I spent Christmas 1979 working in a homeless shelter in Coventry.
Like Maia in Ghost Town, I’d spent the summer after a graduated volunteering at the Shelter, and it seemed like the most natural thing in the world to go back there for Christmas.
Christmas Eve, I went to the midnight service at the ancient Holy Trinity Church next to the Cathedral. And Christmas morning we borrowed the kitchen at the local Methodist church to cook turkey and all the trimmings for around 30 homeless men who had nowhere else to go.
Back then, most of those we catered for probably complied with your stereotype of a homeless person. They were male. In their thirties or forties, but looking a lot older. And almost all were alcoholics.
Even back then, though, there was much to defy lazy stereotyping. We did indeed have an ex-soldier, like Pongo, who had failed to adjust to civvy street – who kept himself spotlessly clean and had a passion for mathematical puzzles and lateral thinking. With a few exceptions, these guys were kind, often funny, and fiercely protective of the women volunteers.
Move the clock on a few years and the nature of homelessness was changing. First came the transients, who hit the road looking for work when the recession hit in the early 80s. Then there were those who slipped through the cracks of ‘care in the community’ – the mentally ill who failed to adjust to life outside an institution, but who hadn’t Pongo’s resources to cope on their own. And then there were the children – the runaways and those leaving care at 16 – who in the late eighties had their right to claim benefits taken away from them.
By then I was working in an office on Kingsway in central London. I will never forget the drift of homeless people that seemed, night by night, to move further north from the river, starting on the Strand and moving their way up Kingsway until, by dusk, every doorway would be occupied by a huddled form under a threadbare blanket or a piece of scavenged cardboard.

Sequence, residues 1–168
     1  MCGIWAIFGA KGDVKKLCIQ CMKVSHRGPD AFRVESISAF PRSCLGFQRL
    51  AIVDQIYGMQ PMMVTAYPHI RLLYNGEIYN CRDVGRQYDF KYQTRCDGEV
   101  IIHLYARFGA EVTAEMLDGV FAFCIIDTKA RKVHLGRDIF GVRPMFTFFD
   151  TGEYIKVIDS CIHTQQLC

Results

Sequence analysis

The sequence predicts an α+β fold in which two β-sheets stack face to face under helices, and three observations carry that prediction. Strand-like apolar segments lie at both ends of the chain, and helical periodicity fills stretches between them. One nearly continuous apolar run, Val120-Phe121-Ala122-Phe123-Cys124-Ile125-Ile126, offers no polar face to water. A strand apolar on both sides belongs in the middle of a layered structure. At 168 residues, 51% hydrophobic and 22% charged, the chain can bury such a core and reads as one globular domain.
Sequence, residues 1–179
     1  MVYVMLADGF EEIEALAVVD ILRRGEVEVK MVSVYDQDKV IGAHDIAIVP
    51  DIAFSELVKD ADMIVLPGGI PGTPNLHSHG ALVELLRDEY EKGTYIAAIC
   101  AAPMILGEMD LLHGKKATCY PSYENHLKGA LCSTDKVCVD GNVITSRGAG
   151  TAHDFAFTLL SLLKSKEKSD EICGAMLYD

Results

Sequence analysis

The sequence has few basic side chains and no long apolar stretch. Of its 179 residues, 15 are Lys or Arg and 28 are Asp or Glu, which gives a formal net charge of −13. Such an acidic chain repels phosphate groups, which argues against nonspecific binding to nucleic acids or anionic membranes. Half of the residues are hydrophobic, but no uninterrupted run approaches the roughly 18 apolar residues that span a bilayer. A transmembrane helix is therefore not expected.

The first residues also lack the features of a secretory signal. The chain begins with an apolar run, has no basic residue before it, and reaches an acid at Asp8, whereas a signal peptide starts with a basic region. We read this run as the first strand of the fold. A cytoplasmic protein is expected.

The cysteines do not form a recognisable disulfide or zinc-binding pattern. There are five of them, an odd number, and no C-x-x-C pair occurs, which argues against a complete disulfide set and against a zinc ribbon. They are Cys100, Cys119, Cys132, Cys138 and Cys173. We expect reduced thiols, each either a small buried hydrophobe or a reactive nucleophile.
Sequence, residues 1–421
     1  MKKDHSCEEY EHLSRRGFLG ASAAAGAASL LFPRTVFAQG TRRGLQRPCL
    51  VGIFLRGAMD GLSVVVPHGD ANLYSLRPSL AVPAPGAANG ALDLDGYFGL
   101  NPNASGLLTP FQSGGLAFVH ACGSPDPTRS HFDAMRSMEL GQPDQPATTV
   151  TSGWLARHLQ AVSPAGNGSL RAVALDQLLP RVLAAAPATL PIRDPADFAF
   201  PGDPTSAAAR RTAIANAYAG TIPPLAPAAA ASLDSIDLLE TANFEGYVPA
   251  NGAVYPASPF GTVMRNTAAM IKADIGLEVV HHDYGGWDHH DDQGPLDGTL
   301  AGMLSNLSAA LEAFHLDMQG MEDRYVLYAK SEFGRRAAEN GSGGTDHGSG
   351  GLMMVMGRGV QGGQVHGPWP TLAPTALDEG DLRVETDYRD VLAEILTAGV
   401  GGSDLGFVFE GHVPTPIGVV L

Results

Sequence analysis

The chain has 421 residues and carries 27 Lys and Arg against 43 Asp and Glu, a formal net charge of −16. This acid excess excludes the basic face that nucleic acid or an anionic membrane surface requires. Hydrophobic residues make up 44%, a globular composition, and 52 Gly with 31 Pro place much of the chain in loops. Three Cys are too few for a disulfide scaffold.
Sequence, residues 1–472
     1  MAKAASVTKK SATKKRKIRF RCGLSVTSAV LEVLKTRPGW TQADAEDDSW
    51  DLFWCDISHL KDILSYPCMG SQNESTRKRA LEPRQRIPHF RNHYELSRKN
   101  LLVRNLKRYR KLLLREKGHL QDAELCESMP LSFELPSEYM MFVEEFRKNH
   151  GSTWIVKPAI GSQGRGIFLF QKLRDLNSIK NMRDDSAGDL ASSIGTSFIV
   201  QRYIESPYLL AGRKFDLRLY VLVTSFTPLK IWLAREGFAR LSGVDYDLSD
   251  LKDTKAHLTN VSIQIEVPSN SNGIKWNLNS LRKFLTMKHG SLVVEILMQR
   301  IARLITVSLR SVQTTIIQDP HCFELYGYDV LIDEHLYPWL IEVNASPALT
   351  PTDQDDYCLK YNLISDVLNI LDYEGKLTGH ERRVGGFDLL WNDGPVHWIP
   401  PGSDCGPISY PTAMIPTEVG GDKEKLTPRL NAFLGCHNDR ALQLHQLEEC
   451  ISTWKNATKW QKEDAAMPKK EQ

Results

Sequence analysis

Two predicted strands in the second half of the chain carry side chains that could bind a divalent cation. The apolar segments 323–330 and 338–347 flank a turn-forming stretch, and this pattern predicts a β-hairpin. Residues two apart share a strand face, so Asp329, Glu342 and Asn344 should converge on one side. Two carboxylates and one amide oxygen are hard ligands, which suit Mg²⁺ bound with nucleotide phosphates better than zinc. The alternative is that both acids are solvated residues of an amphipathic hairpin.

To walk south over Waterloo Bridge towards the National Theatre was even more heartbreaking. Within spitting distance of the champagne-swilling excesses of the Square Mile, a cardboard city mushroomed. There hard-core, old-style homeless men slept alongside children who didn’t look old enough to be allowed out on their own – never mind to be living on the streets.
Gradually things changed. Policies – some well-meant and some ruthless – gradually reduced the numbers of rough sleepers. And in the boom years of the noughties, the number of homeless genuinely reduced.
It's on the rise again now, though you might not know it. There are more rough sleepers to be seen in London than there have been for a decade or more - but nothing like the numbers I saw in the late eighties. Homelessness has become a hidden scourge.
Homelessness today is kids like Alesha in Polly Courtney’s Feral Youth, living under the radar and dodging social services as they sofa-surf from one unsuitable home to another. It’s mothers with small children living in B&Bs with filthy communal kitchens and stairways booby trapped with used hypodermics. It’s hostels for young adults you wouldn’t home a dog in.
This is the legacy of three decades of failing to provide the housing stock that’s needed, runaway rent prices and – now – a government that is hell-bent on reducing the welfare bill by cutting back on housing benefit. Whatever side of the fence you sit – the three of those together makes for a toxic mix.
Back in 1966, Ken Loach made Cathy Come Home – a film about a young woman forced into homelessness. It helped to launch the charity Shelter and brought about a change in the law that gave a duty to local councils to house vulnerable women and children.
We need another Cathy Come Home . We need to change the narrative from ‘workless scroungers claiming thousands in housing benefit’ to something that reveals the true picture of homelessness in the 21st Century. And we need to do it before it’s too late for kids like Alesha.
Christmas seems like a good time to start.